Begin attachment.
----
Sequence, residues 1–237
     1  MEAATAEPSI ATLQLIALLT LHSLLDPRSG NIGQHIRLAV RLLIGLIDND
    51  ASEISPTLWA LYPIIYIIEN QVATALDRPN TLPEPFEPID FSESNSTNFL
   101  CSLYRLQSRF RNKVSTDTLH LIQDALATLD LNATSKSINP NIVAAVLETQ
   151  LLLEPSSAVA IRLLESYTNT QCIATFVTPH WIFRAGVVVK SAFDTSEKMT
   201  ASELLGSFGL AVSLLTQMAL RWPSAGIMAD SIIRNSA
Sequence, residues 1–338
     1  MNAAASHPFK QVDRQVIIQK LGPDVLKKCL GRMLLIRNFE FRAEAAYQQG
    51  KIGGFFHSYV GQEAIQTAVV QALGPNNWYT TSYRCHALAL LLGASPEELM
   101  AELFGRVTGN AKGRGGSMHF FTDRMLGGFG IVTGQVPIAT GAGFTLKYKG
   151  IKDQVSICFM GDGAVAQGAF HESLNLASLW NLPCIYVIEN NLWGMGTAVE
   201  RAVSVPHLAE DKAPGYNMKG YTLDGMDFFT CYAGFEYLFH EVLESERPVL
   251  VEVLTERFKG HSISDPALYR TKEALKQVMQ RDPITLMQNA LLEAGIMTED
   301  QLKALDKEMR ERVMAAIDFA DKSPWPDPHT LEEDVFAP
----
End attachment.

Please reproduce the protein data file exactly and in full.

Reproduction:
Sequence, residues 1–237
     1  MEAATAEPSI ATLQLIALLT LHSLLDPRSG NIGQHIRLAV RLLIGLIDND
    51  ASEISPTLWA LYPIIYIIEN QVATALDRPN TLPEPFEPID FSESNSTNFL
   101  CSLYRLQSRF RNKVSTDTLH LIQDALATLD LNATSKSINP NIVAAVLETQ
   151  LLLEPSSAVA IRLLESYTNT QCIATFVTPH WIFRAGVVVK SAFDTSEKMT
   201  ASELLGSFGL AVSLLTQMAL RWPSAGIMAD SIIRNSA
Sequence, residues 1–338
     1  MNAAASHPFK QVDRQVIIQK LGPDVLKKCL GRMLLIRNFE FRAEAAYQQG
    51  KIGGFFHSYV GQEAIQTAVV QALGPNNWYT TSYRCHALAL LLGASPEELM
   101  AELFGRVTGN AKGRGGSMHF FTDRMLGGFG IVTGQVPIAT GAGFTLKYKG
   151  IKDQVSICFM GDGAVAQGAF HESLNLASLW NLPCIYVIEN NLWGMGTAVE
   201  RAVSVPHLAE DKAPGYNMKG YTLDGMDFFT CYAGFEYLFH EVLESERPVL
   251  VEVLTERFKG HSISDPALYR TKEALKQVMQ RDPITLMQNA LLEAGIMTED
   301  QLKALDKEMR ERVMAAIDFA DKSPWPDPHT LEEDVFAP